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From Tur Abdin to Hadramawt
Semitic Studies. Festschrift in Honour of Bo Isaksson on the occasion of his retirement. Edited by Tal Davidovich, Ablahad Lahdo, and Torkel Lindquist
editor(s): Lahdo, Ablahad
contributor(s): Adapted by Davidovich, Tal / Lindquist, Torkel;
pages/dimensions: 207 pages
language: English
binding: Book (Hardback)
dimensions: 17.00 × 24.00 cm
weight: 400g
edition: 1. Auflage
publishing date: 02.10.2014
prices: 68,00 Eur[D] / 70,00 Eur[A]
ISBN: 978-3-447-10265-0
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From Tur Abdin to Hadramawt is a festschrift in honor of Professor Bo Isaksson, Uppsala University, on the occasion of his retirement. The volume consists of articles presenting different aspects of research in the field of semitic languages, with a special emphasis on research fields Professor Isaksson himself has taken an interest in; that is, among others, studies on morpho-syntactical issues, and studies of Modern Colloquial Arabic and Neo-Aramaic.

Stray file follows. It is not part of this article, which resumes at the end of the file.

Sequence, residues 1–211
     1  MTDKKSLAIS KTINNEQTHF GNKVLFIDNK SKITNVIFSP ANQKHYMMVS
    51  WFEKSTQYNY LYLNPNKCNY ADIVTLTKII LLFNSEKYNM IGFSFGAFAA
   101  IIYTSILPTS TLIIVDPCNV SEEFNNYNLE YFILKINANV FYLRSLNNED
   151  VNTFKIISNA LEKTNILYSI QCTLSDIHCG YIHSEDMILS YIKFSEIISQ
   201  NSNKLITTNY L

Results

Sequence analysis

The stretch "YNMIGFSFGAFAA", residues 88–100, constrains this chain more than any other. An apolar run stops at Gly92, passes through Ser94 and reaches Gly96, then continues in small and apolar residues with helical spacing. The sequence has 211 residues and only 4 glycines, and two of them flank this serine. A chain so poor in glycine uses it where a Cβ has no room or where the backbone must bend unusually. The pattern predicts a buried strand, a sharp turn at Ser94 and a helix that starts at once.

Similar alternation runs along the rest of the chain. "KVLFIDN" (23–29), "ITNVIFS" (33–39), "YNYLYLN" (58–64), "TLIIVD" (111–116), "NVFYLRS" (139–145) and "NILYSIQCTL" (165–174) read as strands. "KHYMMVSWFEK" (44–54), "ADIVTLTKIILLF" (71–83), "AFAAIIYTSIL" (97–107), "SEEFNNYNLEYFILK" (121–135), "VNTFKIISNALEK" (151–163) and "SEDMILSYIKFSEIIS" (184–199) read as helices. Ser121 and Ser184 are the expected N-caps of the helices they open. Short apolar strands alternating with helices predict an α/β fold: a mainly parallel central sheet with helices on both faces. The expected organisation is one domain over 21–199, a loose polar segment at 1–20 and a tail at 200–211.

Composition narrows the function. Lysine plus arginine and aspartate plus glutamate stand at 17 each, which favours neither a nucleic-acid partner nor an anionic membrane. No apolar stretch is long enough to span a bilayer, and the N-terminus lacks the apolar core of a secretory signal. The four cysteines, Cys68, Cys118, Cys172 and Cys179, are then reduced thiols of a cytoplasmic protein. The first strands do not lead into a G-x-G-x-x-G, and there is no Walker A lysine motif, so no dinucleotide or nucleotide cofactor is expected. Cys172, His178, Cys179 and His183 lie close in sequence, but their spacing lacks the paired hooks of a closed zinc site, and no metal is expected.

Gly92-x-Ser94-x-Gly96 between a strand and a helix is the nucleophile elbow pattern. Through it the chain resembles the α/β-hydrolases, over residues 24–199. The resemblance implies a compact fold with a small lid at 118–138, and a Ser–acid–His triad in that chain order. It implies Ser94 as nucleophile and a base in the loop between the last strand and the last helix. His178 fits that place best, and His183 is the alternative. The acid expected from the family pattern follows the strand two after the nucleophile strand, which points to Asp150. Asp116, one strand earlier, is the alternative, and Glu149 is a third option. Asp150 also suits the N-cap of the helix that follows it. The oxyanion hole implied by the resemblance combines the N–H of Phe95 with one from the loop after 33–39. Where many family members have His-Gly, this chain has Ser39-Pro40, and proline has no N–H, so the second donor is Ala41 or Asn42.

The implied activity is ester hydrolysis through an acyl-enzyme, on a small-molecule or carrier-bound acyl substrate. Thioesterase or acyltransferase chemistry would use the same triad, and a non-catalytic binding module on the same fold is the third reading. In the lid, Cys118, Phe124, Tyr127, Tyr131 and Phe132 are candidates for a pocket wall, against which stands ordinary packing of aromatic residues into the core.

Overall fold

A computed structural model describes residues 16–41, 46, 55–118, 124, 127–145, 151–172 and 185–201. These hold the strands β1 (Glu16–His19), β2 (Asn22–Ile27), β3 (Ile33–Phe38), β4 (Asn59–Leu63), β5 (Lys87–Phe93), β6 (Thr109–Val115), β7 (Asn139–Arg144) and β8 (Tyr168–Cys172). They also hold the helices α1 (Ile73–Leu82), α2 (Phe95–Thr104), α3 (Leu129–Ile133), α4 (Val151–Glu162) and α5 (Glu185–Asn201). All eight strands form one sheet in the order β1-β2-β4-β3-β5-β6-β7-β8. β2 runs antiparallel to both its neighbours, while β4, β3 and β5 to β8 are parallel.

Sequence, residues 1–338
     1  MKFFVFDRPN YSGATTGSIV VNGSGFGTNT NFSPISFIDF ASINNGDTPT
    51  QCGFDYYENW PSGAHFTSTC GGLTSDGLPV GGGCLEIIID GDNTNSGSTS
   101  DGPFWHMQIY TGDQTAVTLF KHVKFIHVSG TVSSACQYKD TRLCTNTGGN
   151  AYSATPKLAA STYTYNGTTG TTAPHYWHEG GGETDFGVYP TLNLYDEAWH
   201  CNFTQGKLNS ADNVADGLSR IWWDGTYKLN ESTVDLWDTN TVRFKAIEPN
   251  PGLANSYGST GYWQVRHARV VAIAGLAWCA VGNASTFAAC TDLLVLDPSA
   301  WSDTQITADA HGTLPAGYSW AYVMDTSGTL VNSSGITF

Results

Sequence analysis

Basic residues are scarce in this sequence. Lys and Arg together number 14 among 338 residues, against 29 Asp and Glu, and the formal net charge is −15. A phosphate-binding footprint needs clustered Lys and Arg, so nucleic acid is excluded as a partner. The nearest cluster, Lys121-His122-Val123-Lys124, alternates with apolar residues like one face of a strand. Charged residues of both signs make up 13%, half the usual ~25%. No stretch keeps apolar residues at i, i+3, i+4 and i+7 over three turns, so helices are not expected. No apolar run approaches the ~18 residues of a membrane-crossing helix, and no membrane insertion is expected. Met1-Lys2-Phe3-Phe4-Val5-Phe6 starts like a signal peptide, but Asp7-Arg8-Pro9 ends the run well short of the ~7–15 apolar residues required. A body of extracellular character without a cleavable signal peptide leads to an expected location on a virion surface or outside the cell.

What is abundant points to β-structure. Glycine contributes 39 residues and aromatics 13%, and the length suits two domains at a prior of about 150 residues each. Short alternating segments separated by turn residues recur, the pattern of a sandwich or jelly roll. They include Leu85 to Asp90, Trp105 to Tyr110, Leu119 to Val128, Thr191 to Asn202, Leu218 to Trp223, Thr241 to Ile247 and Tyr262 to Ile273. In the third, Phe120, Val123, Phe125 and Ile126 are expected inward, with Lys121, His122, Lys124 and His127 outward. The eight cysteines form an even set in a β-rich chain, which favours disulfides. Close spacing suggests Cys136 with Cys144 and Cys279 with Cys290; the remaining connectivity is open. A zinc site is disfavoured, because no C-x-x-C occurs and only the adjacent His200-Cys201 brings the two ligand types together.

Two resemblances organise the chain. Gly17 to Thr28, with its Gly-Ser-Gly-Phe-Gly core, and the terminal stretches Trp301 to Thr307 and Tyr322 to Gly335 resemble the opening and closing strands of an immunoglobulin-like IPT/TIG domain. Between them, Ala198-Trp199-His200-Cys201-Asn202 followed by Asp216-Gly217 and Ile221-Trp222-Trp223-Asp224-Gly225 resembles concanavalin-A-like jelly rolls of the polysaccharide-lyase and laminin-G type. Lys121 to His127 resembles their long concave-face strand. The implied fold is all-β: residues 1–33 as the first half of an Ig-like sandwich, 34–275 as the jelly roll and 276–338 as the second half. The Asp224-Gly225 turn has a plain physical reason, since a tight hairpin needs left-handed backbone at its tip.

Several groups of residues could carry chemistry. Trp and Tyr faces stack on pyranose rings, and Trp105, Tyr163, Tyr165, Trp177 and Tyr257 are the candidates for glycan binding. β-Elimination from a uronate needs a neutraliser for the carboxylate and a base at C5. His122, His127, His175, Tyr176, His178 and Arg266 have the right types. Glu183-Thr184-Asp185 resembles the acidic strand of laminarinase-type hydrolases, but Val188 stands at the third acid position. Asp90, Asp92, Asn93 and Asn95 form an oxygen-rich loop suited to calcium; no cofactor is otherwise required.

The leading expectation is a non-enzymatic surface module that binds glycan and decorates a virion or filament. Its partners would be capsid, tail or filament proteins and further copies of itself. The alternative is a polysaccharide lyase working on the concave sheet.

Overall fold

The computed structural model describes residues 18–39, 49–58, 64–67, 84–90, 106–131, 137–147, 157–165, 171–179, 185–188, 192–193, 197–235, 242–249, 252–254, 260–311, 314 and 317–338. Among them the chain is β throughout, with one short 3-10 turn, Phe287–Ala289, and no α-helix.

Eran Cohen contributes a study on presentatives in Biblical Hebrew and Neo-Aramaic, and Lutz Edzard has written on epexegetical genitive in the Sura-titles of the Quran. Helene Kammensjö has written on pace and circumstance in oral Arabic narration, Geoffrey Khan on infinitives and verbal nouns in Neo-Aramaic (Urmi), and Ablahad Lahdo on the Neo-Aramaic dialect of Bequsyone. Torkel Lindquist’s article is on circumstantial qualifiers in MSA and Modern Hebrew, Stig Norin’s on Biblical Hebrew from the 2nd century A.D., and Sina Tezel’s on the comparative method on MCA and related subjects. Werner Arnold has written on the Arabic dialect of Lydda, Tal Davidovich on vocalization and case endings in Judeo Yemenite, Maria Persson on verb form switch as marker of discourse hierarchy in Syrian MCA, and Stephan Procházka on plural pronouns in MCA. Joseph Saouk contributes his article on the Arabic dialect of Q?ll?f, Shabo Talay has written on the Mesopotamian-Levantine dialect continuum, and Aziz Tezel on quadriradical verbal formations in MCA. Finally, Gail Ramsay has written on eco-aspects in Modern Arabic literature.